Before lunch on Day 3, studies about editorial and peer review process innovations at NPG, PLOS, and the BMJ captivated the crowd. It was also great to hear from ORCID and their innovations to help reviewers get credit for their peer review activity by linking it to their ORCID profile. After lunch, it was time to discuss pre-publication and post-publication issues on the scholarly communications landscape. Preprints have been a topic of discussion for some time now and some interesting results and discussions during this session on Day 3 highlighted the value of preprints and preprint servers.
Stylianos Serghiou, from Stanford University School of Medicine, delivered the first presentation of this session. He presented results of a cross-sectional cohort study on associations between bioRxiv preprint traffic, Altmetric scores, and eventually canonical publication in biomedical literature. He started by introducing bioRxiv, the largest preprint server for biological studies and Altmetric, a resource that helps you track the attention that your work receives. The study gathered data for 7769 preprints and concluded that preprints on bioRxiv attracted a lot of non-citation attention and reached canonical publication. Although the Altmetric score did not influence publications, articles that had been posted on bioRxiv tended to receive more attention after being published compared with articles that had never been posted on bioRxiv. So biomedical studies posted bioRxiv received attention, scaled the publication stage, and received even more attention after publication.
Ramya Ramaswami, from the New England Journal of Medicine (NEJM), then took the podium to discuss readership metrics and media coverage differences between negative, positive, and mixed studies. NEJM is unlike any other journal because they do not put out press releases for studies published in their journals. This reduces their bias for any particular study. NEJM.org tracks and displays metrics on readership and media coverage using 3 online analytic sources: Atypon.com, Crossref, and Cision. An analysis of 338 articles (22% negative, 66% positive, and 12% mixed) published in NEJM revealed that there were no statistical differences in mean page views, citations, and media coverage among positive, negative, mixed trials published in NEJM. This should encourage clinical researchers to publish trials with negative outcomes.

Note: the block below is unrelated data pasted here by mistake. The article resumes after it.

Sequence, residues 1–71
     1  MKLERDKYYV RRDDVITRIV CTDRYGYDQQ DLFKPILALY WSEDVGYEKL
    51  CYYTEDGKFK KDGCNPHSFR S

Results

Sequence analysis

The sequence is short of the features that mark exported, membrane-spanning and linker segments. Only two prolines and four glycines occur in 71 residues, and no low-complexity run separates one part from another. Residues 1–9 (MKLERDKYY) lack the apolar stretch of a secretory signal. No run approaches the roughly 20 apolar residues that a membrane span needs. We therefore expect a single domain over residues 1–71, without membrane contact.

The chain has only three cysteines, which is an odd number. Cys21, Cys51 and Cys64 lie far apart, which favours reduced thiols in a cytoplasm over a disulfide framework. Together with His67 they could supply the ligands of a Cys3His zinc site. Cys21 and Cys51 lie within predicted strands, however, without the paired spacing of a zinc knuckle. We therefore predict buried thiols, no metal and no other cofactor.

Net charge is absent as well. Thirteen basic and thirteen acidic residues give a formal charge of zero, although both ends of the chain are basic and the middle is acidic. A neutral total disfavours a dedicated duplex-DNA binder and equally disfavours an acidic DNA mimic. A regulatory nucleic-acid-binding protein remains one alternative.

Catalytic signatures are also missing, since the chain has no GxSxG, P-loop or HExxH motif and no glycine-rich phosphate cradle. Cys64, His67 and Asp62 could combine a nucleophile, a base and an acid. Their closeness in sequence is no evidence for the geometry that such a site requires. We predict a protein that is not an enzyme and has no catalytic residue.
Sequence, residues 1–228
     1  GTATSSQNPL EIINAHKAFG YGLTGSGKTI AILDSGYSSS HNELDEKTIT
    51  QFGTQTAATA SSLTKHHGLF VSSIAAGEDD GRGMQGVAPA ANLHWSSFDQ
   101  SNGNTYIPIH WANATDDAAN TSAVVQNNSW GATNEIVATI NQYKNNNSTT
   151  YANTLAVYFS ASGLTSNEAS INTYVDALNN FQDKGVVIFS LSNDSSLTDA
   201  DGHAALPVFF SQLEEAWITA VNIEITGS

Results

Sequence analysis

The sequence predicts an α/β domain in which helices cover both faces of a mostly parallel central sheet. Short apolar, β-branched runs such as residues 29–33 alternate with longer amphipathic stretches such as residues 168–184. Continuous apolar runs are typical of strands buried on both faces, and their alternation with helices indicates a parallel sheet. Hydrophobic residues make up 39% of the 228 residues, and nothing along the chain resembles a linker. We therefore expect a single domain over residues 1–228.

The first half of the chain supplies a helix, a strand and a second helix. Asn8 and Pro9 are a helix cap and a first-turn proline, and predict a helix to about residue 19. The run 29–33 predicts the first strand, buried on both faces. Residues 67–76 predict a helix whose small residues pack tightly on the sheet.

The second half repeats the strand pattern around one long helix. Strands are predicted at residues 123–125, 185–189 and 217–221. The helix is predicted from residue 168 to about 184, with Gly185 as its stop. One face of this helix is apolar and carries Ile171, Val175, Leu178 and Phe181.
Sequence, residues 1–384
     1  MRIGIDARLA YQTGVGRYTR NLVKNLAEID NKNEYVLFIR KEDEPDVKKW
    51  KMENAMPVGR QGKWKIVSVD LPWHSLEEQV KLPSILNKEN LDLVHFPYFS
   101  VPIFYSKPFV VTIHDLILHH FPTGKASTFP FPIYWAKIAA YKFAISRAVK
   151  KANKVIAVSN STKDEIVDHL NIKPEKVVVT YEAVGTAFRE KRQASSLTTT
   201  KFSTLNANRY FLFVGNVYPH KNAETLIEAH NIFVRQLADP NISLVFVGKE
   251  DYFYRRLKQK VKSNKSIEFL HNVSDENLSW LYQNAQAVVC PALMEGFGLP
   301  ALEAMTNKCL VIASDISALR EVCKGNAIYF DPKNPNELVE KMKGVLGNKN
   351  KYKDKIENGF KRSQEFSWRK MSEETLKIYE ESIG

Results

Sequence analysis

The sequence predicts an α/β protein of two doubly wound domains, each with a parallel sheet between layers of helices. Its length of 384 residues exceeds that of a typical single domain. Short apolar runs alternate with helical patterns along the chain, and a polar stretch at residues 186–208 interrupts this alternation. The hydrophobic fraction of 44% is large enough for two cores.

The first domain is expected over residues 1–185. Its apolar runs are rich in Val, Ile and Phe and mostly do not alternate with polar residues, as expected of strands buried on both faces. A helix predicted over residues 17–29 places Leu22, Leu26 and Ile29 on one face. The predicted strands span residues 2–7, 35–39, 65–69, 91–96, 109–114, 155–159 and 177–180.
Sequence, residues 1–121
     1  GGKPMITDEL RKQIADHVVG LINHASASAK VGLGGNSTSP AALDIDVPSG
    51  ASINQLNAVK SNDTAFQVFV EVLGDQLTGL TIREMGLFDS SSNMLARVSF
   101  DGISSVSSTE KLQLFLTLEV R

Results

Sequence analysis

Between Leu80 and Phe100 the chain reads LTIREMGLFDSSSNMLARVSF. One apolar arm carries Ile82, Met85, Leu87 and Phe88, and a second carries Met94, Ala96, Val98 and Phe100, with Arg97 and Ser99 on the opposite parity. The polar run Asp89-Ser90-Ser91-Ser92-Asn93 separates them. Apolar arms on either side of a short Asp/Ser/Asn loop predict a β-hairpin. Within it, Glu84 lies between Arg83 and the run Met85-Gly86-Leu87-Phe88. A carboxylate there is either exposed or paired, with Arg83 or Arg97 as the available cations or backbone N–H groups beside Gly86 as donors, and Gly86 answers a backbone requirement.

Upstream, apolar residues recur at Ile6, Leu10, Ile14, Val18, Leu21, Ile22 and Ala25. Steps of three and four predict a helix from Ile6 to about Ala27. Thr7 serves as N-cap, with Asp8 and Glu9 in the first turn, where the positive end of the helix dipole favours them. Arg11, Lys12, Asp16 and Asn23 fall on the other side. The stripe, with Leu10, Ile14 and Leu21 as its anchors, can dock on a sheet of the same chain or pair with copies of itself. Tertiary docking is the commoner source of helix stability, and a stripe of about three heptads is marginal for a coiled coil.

The final presentation of the session by Matthew Page from Monash University presented results of a cross-sectional study about reproducible research practices in systematic reviews (SRs) of therapeutic interventions. An evaluation of 110 SRs led the group to conclude that the reproducible research practices were suboptimal in SRs of therapeutic interventions. They also suggested that authors should use public data repositories such as the Systematic Review Data Repository or Open Science Framework to share data sets and statistical analysis codes for their SRs. This practice would enable others to replicate findings, check for errors or perform secondary analyses. Their study could not even attempt to recreate 27% of evaluated SRs (published in MEDLINE) based on the information available, which is a serious issue. Inconsistencies in SRs and meta-analyses are a major problem in medical literature.
The 2017 Peer Review Congress placed a lot of emphasis on bringing these problems to everyone’s attention. Considering the significant amount of effort, resources, and patient’s time that goes into these studies, it is only natural for a group of scientists to take this problem seriously.
- Post-publication issues and peer review: A report from the 2017 Peer Review Congress
- Editorial and peer-review process innovations: A report from the 2017 Peer Review Congress
- Quality of scientific literature: A report from the 2017 Peer Review Congress
- Exploring funding and grant reviews: A report from the 2017 Peer Review Congress
- Quality of reporting in scientific publications: A report from the 2017 Peer Review Congress
- Research integrity and misconduct in science: A report from the 2017 Peer Review Congress
- Biases in scientific publication: A report from the 2017 Peer Review Congress